May 09, 2019
When researchers discovered that millions of wells in Bangladesh were contaminated with arsenic, they warned people to drink water from other sources. Unfortunately, those other sources were often contaminated with waterborne disease. Overall, they were more dangerous than the wells; child mortality increased by 45% among people who switched.
This unintended consequence shows the importance of counterfactual thinking: “It’s really important to look at what people are doing and compare it to their actual next-best choice, not to ideal choices they don’t even have.” [Future Perfect]
The Future of Life Institute chose Dr. Matthew Meselson to receive the Future of Life Award, a yearly prize given for “a heroic act that has greatly benefited humankind”. Meselson spent his career advocating against the development and use of biological weapons. [Future of Life Institute]
Holden Karnofsky wrote about the Pugwash Conferences on Science and World Affairs, which brought together scientists from both sides of the Iron Curtain to discuss nuclear disarmament. Mostly funded by private donors, the conferences may have influenced several key nuclear treaties; however, it’s unclear whether such strong philanthropic opportunities still exist today. [Open Philanthropy Project]
Beyond Meat just became the first vegan meat company to go public; the stock price more than doubled in the first day of trading. This may indicate a strong market for similar products being developed by startups and established companies. [Good Food Institute, Bloomberg]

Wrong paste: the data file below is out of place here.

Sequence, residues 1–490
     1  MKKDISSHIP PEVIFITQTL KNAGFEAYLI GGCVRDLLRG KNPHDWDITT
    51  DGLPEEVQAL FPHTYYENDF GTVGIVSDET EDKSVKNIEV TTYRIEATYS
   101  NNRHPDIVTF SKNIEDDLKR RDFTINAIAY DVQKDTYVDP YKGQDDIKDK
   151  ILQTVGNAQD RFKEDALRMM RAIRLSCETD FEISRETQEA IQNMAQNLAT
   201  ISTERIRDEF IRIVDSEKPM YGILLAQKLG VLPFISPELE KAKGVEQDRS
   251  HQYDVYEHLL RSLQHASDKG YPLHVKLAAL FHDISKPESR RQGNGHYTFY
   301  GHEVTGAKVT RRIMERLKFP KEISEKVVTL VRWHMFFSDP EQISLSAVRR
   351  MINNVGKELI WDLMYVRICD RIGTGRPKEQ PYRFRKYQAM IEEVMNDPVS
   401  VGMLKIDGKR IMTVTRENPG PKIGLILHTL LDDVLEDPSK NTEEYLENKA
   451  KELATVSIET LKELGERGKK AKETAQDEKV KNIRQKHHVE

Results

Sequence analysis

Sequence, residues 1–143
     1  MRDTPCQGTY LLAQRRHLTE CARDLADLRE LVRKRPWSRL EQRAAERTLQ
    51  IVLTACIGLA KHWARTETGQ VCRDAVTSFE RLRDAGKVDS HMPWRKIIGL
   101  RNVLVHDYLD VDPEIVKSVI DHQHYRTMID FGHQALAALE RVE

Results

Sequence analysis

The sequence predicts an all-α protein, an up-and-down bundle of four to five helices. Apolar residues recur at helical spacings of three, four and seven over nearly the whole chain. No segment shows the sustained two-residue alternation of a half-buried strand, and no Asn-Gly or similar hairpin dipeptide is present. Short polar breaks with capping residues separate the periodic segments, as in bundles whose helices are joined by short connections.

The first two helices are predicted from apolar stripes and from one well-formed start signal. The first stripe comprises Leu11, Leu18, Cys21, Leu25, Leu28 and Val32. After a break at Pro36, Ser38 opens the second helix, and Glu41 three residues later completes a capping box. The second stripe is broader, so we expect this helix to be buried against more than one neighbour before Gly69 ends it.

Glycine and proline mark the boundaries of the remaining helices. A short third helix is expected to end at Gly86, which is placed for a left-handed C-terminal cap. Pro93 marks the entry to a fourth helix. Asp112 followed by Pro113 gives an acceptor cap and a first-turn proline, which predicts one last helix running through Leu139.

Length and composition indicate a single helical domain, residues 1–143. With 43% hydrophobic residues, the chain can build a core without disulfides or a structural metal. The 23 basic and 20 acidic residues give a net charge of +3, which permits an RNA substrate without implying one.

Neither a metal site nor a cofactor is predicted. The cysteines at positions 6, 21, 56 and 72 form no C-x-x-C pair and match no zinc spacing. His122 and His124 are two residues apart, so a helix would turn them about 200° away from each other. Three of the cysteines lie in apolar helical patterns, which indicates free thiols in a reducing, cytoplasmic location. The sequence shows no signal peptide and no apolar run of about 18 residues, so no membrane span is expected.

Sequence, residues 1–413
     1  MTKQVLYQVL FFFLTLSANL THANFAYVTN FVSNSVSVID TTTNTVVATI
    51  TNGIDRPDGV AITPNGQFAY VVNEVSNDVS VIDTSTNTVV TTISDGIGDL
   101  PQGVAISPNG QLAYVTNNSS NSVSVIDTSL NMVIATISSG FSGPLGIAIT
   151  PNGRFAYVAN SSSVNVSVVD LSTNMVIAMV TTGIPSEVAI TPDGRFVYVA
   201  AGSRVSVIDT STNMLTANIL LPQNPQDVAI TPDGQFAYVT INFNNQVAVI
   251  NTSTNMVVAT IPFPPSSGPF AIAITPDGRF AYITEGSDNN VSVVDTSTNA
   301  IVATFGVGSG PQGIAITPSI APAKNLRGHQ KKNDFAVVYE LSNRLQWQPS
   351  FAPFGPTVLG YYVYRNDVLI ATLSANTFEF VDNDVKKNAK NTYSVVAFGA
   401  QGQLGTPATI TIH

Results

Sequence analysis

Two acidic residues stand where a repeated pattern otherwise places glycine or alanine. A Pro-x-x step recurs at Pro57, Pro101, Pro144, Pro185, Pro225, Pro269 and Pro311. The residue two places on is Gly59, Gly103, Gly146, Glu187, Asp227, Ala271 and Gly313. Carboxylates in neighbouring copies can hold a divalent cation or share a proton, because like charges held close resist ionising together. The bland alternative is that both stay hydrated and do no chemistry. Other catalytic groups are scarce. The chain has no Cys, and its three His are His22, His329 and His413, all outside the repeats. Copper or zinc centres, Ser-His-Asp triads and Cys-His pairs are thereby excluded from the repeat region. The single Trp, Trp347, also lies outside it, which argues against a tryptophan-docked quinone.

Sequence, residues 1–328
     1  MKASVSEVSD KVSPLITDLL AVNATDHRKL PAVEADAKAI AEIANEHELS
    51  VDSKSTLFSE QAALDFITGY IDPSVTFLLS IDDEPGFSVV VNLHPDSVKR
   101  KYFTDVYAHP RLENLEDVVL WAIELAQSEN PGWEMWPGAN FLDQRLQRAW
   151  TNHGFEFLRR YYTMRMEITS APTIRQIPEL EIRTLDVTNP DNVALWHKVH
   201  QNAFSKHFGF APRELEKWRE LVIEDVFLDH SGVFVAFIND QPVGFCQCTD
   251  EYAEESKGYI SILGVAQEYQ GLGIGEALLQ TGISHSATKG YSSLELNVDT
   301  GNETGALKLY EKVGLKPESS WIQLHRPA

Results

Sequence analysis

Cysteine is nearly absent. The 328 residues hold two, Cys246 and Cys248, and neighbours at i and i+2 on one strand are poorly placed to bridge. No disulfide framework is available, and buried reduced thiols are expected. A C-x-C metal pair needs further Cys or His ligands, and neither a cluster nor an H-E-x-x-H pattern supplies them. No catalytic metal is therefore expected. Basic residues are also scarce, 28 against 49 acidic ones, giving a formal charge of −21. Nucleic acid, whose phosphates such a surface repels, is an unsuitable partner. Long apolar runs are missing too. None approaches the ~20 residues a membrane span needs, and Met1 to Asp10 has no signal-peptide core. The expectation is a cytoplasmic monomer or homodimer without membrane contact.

80,000 Hours published “Career advice I wish I’d been given when I was young”, a collection of thoughts from someone whose career they think did a lot of good. Recommendations include reading history, working on unpopular problems, and reaching out to thinkers you admire. [80,000 Hours]
For most of the 20th century, many experts believed that mental health wasn’t a major issue for the developing world. But in 1990, researchers learned that mental disorders were “the single largest cause of disability worldwide [...] in the poorest countries as well as the richest”.
Today, developing nations are working to create effective low-cost psychiatric programs — and in some cases, they appear to be succeeding. [The Guardian]
From the EA Forum:
Risks from advanced artificial intelligence are a major concern for many people and organizations in the EA movement. This month, we’re sharing two different introductions to the cause area.
As always, 80,000 Hours’ High-Impact Job Board features a wide range of positions, including at least 40 that were added this month.
If you’re interested in policy or global development, you may also want to check Tom Wein’s list of social purpose job boards.
To learn about new jobs as they get posted, check out the EA Job Postings group on Facebook.
Charity Entrepreneurship has published Top Charity Ideas 2019, a guide to the kinds of charities the organization wants to found through their incubation program. If you want to start a charity based on one of these ideas, the deadline to apply is 15 May 2019.